Battle Over Park Goes To Public Hearing

(May 14, 2014, posted in Articles)

A recurring battle between False Creek residents and Concord Pacific is set to heat up after Vancouver city council on Tuesday forwarded to public hearing a rezoning application that could further delay a major public park promised decades ago by the developer.

Concord is asking the city to rezone 998 Expo Boulevard, a plot of land southwest of BC Place, to pave the way for a pair of residential towers perched atop two floors of commercial space. But area residents like Fern Jeffries are fed up and say Creekside Park has to come first.

"What's the plan here? Just to keep adding people and not green space? That is not a livable community," said Jeffries, co-chair of the False Creek Residents Association. "There's lots of children and families here. People need a place to see some green and be able to breathe."

The park has been planned since 1990, but the city claims its development is bound to the future of the Georgia and Dunsmuir viaducts and tied up by legal agreements between the city, Concord and the province. Those agreements require the future parkland to first be used as a containment site for contaminated soils from another plot of land east of BC Place.

That land, the park space, and 998 Expo Boulevard - the subject of the rezoning application - are the last plots of land remaining for Concord Pacific to develop in northeast False Creek, Kevin McNaney, the city's assistant director of planning and development services, told council.

"If the rezoning of (998 Expo Blvd.) is approved, Concord will shift its planning focus to work with the City on ... a new area plan to realize viaduct replacement, a reconfigured and larger Creekside Park Extension and a revised development site," stated a report presented to council.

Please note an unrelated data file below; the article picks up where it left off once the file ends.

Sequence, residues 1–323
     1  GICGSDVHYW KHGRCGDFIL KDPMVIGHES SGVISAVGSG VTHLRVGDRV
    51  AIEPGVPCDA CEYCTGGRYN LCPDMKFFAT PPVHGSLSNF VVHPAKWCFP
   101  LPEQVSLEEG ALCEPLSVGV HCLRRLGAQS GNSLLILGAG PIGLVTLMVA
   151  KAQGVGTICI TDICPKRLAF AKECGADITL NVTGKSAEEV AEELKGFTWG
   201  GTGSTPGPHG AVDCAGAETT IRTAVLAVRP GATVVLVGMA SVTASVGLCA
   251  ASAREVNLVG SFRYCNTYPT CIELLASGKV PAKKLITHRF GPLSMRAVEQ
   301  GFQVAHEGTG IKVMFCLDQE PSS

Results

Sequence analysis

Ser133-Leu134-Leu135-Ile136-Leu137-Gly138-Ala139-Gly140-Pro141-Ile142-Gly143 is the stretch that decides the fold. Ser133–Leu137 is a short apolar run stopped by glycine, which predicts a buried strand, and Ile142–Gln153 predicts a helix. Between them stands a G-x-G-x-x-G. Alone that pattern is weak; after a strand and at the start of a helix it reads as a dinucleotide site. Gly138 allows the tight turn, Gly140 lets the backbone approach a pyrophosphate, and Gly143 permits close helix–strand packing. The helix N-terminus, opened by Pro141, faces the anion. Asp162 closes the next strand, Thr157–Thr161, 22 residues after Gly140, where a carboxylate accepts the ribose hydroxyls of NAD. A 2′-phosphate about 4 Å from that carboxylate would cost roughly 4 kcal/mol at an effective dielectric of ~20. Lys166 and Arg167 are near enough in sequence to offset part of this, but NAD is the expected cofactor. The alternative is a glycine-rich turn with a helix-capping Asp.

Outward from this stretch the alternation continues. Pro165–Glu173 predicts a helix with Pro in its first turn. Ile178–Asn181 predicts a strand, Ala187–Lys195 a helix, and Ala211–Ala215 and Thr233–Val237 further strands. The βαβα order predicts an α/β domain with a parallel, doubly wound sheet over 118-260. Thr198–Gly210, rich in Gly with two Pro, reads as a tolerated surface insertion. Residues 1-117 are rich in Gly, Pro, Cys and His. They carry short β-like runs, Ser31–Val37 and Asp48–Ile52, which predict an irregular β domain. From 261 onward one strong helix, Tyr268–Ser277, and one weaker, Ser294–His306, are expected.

"What this does is actually provide for a better park in the long term," McNaney told councillors, adding that should they approve the rezoning application, it would draw all the parties to the table where discussions on issues surrounding the green space could begin. But he could not offer any clear timeline for when shovels might hit the ground.

Councillor Geoff Meggs said the public would need to weigh in on whether to wait for what could be a better park in the long run or to take what's on offer already.

"As we know, residents on the north side of False Creek have been waiting for a long time for the park to be built," he said, later adding that, "if agreement is achieved on a reconfiguration of the park, it will be substantially larger and more consolidated."

Councillor Adriane Carr asked whether area residents were already putting up with less green space per capita than other residents, something

McNaney said he could not answer on the spot. She also asked how much money Concord Pacific has gained by not developing the land as a park. McNaney again said he did not have that figure.

A motion to take the application to public hearing passed, with only Carr opposed.
Fern Jeffries said she saw no good reason why Concord Pacific needs to develop the land up for rezoning before it delivers on its commitment to produce the park, adding that the city has handed the developer a shot at what it wants for virtually nothing.

"We could appreciate that the city gives them what they want in exchange for something ... But Concord managed to get away with this without any commitment about delivering the park at any point in time," she said. "Have your development. Fill your face. We want the park first."

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**This article is originally posted by The Vancouver Sun.